Eosinophilic dermatitis with edema (Wells'-like syndrome) possibly triggered by cooked fish in a dog

Published: Nov 13, 2017
Dog eosinophilic dermatitis with edema food-induced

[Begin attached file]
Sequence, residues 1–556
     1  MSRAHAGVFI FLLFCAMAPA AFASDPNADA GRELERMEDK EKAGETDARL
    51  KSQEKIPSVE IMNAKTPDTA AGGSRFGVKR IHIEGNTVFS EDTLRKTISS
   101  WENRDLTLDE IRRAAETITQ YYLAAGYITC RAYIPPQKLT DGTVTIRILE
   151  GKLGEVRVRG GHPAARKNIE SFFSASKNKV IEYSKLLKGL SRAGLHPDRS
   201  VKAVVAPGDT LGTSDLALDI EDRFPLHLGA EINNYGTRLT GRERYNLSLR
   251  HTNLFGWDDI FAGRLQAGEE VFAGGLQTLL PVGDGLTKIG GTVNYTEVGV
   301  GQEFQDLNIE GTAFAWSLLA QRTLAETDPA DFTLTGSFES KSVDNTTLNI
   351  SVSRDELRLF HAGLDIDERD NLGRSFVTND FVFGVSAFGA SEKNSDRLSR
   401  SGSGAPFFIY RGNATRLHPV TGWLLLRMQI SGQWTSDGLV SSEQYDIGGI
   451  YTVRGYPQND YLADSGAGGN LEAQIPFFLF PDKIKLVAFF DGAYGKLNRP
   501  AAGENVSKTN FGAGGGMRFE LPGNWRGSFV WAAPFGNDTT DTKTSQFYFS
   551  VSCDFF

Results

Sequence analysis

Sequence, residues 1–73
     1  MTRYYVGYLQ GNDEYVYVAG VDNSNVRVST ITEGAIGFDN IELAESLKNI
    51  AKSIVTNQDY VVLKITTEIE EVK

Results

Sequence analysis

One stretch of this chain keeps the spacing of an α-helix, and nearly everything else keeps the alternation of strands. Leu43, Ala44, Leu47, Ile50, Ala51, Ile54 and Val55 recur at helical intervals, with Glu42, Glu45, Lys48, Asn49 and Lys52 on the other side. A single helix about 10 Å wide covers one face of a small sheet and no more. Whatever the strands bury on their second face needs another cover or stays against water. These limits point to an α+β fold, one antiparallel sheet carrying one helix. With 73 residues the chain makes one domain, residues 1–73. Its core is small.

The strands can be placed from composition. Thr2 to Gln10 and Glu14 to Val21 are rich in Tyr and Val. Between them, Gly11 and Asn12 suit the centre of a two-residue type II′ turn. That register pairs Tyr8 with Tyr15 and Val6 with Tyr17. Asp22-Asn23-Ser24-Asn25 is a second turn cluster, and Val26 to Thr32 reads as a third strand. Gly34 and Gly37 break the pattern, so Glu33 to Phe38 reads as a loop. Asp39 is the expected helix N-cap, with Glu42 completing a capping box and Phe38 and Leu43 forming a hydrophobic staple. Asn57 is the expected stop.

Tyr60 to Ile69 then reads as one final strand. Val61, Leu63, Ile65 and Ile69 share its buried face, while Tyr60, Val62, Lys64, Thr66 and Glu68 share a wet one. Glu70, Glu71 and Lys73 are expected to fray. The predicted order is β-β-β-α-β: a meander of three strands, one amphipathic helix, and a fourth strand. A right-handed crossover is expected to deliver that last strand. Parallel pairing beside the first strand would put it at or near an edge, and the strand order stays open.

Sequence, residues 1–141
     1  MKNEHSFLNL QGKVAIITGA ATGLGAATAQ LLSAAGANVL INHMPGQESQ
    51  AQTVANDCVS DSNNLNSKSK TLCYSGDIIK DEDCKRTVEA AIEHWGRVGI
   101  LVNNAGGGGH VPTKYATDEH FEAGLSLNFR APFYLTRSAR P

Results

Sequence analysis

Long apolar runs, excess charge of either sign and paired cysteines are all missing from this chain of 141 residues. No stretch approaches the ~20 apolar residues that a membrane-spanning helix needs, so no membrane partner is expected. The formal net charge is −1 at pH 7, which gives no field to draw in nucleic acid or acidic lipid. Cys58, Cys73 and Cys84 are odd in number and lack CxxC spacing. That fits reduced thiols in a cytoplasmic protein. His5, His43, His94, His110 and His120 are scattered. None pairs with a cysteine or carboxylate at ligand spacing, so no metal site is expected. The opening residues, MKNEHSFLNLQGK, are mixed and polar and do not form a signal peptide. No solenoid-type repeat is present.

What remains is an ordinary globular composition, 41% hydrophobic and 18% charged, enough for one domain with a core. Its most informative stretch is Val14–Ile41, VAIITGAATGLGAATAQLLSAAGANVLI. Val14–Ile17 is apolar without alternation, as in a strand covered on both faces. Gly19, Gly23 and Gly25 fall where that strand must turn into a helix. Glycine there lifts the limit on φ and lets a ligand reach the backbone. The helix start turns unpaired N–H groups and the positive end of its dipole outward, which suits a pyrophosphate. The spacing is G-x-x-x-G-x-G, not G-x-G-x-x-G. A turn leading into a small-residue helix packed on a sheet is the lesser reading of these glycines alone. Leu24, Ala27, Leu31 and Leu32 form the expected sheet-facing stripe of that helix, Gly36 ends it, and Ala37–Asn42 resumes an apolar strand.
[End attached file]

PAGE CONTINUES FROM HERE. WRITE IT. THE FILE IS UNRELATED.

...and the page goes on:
A 2-year old intact female mongrel dog was admitted with multifocal skin lesions appearing suddenly and extending symmetrically over most of the body. The dog was living indoors and one day before the admission it had consumed cooked fish. Neither medication, nor vaccination had been given to the dog, at least during the last 3 months. Physical examination revealed only non-pruritic and non-painful macules, papules and plaques that were distributed mainly over the head, pinnae, neck and thorax. The lesions were annular, aeriform or serpiginous with a tendency to coalesce. Skin histopathology (H-E) revealed a superficial dermal edema, post-capillary venule congestion and perivascular to interstitial eosinophilic dermatitis as the main pattern. The dog was initially placed on oral vitamin E, sulphasalazine and doxycycline, but to no avail. As soon as the diagnosis of eosinophilic dermatitis with edema was confirmed by histopathology, the former treatment stopped and oral prednisolone was given for two months during which there was a remarkable improvement of skin lesions and complete disappearance with no relapse. The cooked fish, consumed by the dog the night before the incident, was assumed to be the cause of the acute eosinophilic hypersensitivity reaction.

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